Picture Arizona State University with Tempe Butte in the background, and it’s impossible not to visualize that giant “T” looming over the city.
Wait -- a T?
Just look at the photograph on page 26 of the newest book about ASU, and you’ll see the T as the homecoming parade heads toward campus.
That letter was built in 1926, when it would have been absurd to have today’s “A” to symbolize what was Tempe State Teachers College.
That long-gone T is one of more than 200 images depicting ASU’s storied past in Arcadia Publishing’s campus history series. Simply titled “Arizona State University,” the book debuted this month from the publisher specializing in local history books.
The uncommon image of the T is symbolic of how authors Stephanie DeLuse and Denise Bates set about creating the pictorial history book. They avoided using most of the iconic photos of the university and instead spent hundreds of hours getting material from nursing homes, alumni, staff and average citizens.
They estimate half the photos have never been seen except by their owners. One of those discoveries is a photo from legendary football coach Frank Kush, with his recently deceased wife, Francis.
“He was kind enough to have me come into his house and take a picture off his wall or off his dresser, so we have a picture nobody else had seen,” DeLuse said.
Pictures with extensive captions tell the university’s story from the time when John S. Armstrong convinced the Territorial Legislature to approve a teacher-training school called the Arizona Territorial Normal School. Most photos are from the founding to about 1980.
The authors are faculty members who began the project while working on the same ASU program at the time. They worked two years to collect photos and stories from some aging but pivotal figures in ASU’s history. Several of those contacts died as the project continued.
“It gave us the understanding that what we were doing was at the right time,” Bates said. “If we waited any longer, who else would be gone? And we wouldn’t be able to capture their stories and their perspectives.”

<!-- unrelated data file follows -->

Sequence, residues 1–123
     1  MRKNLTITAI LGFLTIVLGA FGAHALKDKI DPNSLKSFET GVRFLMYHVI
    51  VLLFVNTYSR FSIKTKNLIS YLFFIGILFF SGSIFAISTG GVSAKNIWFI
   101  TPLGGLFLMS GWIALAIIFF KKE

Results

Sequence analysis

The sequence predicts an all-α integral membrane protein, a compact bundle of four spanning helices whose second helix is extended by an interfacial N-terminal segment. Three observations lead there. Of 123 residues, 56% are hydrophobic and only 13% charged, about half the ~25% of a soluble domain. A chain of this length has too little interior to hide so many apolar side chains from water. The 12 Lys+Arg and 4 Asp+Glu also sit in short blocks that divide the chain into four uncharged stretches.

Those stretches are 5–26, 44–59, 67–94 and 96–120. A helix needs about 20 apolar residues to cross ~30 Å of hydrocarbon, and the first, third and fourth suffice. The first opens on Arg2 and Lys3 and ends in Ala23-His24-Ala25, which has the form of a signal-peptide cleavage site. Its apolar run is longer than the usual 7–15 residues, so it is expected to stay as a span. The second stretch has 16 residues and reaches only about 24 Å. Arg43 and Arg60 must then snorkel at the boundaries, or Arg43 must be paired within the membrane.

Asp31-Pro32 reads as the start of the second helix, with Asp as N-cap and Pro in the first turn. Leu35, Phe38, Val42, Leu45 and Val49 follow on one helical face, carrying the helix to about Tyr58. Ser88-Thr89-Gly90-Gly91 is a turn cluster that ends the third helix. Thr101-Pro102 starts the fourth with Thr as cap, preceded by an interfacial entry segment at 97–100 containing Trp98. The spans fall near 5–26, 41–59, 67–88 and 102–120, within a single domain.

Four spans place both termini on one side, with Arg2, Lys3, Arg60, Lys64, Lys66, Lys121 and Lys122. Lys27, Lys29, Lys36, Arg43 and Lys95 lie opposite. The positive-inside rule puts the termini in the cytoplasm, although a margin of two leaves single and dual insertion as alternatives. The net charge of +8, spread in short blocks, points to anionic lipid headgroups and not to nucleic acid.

The authors said they were impressed to learn how some of ASU’s most important figures from more than a century ago continue to have an impact in more recent times through their descendants. That includes Armstrong’s grandson William P. Carey, a New York investment banker who donated $50 million in 2003 to the business school that now bears his name.
The authors also avoided loading the book with photos of presidents or donors whose legacy is well-documented elsewhere. Their research unearthed other coffee table books on ASU, with skimpy captions that don’t tell much of a story.
“With these kinds of books, we had to dig around to find some of them because they don’t stay in your head or your conscious long because there’s no true heart to them,” DeLuse said.
Pictures and captions chronicle stories such as a pre-Sparky devil mascot, student protests and the heated 1958 statewide election that allowed Arizona State College to become a university.
The authors said it was heartbreaking the book didn’t have room for all the interesting photos and stories they collected. The book was designed to have a long shelf life and to have enough information for curious readers to delve deeper into history on their own.
“There are so many stories in here that need to be developed in other publications,” Bates said.
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